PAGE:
Our gallium arsenide semiconductors may cease to be competitive with silicon alternatives.

              Among our product portfolio, we manufacture and sell gallium arsenide semiconductor devices and components, principally power amplifiers and switches. The production of gallium arsenide integrated circuits is more costly than the production of silicon circuits. The cost differential is due to higher costs of raw materials for gallium arsenide and higher unit costs associated with smaller sized wafers and lower production volumes. Therefore, to remain competitive we must offer gallium arsenide products that provide superior performance over their silicon-based counterparts. If we do not continue to offer products that provide sufficiently superior performance to justify the cost differential, our operating results may be materially and adversely affected. We expect the costs of producing gallium arsenide devices will continue to exceed the costs of producing their silicon counterparts. Silicon semiconductor technologies are widely-used process technologies for certain integrated circuits and these technologies continue to improve in performance. We cannot assure you that we will continue to identify products and markets that require performance attributes of gallium arsenide solutions.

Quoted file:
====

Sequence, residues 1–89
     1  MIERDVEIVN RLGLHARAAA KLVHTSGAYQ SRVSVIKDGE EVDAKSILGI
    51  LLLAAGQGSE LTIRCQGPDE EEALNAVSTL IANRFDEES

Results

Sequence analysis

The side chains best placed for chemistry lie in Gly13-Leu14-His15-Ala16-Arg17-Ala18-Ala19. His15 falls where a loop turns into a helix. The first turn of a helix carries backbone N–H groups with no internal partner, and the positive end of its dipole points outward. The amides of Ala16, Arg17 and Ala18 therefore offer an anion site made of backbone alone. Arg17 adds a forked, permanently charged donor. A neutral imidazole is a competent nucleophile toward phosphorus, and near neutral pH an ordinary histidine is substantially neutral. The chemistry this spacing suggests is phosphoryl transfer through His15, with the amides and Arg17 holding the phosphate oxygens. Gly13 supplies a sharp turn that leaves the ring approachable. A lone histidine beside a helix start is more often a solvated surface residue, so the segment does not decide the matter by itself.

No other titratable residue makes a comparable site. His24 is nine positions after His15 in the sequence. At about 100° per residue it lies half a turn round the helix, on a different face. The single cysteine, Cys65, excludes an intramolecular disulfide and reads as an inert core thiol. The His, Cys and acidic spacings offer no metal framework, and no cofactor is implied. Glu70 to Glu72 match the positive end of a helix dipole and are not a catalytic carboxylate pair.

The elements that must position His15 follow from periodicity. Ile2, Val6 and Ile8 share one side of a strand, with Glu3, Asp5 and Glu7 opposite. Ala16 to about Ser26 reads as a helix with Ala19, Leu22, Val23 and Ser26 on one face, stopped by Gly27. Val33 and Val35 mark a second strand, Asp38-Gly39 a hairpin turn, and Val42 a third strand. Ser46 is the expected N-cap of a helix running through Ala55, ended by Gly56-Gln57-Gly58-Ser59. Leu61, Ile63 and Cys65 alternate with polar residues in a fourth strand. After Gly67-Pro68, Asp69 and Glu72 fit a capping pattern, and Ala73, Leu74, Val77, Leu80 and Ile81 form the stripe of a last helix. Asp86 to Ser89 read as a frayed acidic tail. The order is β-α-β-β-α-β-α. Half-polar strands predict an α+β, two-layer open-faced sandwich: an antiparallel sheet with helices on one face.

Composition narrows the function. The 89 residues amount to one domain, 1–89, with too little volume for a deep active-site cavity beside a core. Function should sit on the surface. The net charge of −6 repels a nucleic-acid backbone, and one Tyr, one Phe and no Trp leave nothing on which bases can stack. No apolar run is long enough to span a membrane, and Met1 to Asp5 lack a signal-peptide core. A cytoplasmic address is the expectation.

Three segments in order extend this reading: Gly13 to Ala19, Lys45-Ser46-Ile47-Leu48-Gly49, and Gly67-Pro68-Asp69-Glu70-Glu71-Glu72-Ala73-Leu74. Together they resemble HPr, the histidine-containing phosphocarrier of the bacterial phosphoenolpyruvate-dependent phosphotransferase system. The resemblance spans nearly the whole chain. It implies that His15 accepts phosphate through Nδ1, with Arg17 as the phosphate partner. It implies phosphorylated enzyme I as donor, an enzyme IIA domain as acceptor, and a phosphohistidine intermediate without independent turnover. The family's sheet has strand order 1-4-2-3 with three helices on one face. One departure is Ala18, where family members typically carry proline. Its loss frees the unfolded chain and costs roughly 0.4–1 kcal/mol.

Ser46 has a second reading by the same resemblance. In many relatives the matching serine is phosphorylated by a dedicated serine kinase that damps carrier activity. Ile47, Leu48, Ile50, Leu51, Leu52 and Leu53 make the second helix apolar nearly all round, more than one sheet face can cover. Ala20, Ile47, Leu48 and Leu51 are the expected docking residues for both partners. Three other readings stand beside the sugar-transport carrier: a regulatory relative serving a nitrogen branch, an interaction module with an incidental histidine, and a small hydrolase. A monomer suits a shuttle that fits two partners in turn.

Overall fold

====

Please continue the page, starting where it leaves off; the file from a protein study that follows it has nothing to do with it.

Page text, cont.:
We may be subject to claims of infringement of third-party intellectual property rights, or demands that we license third-party technology, which could result in significant expense and prevent us from using our technology.